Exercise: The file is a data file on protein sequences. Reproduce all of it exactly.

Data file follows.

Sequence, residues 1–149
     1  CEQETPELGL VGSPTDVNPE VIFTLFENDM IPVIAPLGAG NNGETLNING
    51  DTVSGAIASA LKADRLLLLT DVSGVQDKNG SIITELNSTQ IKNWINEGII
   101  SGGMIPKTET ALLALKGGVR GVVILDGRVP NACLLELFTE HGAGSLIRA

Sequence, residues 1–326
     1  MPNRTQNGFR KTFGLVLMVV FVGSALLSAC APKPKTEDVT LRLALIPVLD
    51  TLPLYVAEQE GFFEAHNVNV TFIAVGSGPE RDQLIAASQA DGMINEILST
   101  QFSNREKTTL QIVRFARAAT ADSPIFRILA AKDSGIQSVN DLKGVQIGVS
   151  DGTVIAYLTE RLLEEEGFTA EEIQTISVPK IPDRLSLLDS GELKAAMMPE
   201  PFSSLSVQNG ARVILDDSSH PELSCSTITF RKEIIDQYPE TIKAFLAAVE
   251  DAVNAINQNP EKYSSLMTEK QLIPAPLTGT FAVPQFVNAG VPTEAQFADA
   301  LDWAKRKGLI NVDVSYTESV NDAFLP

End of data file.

Sequence, residues 1–149
     1  CEQETPELGL VGSPTDVNPE VIFTLFENDM IPVIAPLGAG NNGETLNING
    51  DTVSGAIASA LKADRLLLLT DVSGVQDKNG SIITELNSTQ IKNWINEGII
   101  SGGMIPKTET ALLALKGGVR GVVILDGRVP NACLLELFTE HGAGSLIRA

Sequence, residues 1–326
     1  MPNRTQNGFR KTFGLVLMVV FVGSALLSAC APKPKTEDVT LRLALIPVLD
    51  TLPLYVAEQE GFFEAHNVNV TFIAVGSGPE RDQLIAASQA DGMINEILST
   101  QFSNREKTTL QIVRFARAAT ADSPIFRILA AKDSGIQSVN DLKGVQIGVS
   151  DGTVIAYLTE RLLEEEGFTA EEIQTISVPK IPDRLSLLDS GELKAAMMPE
   201  PFSSLSVQNG ARVILDDSSH PELSCSTITF RKEIIDQYPE TIKAFLAAVE
   251  DAVNAINQNP EKYSSLMTEK QLIPAPLTGT FAVPQFVNAG VPTEAQFADA
   301  LDWAKRKGLI NVDVSYTESV NDAFLP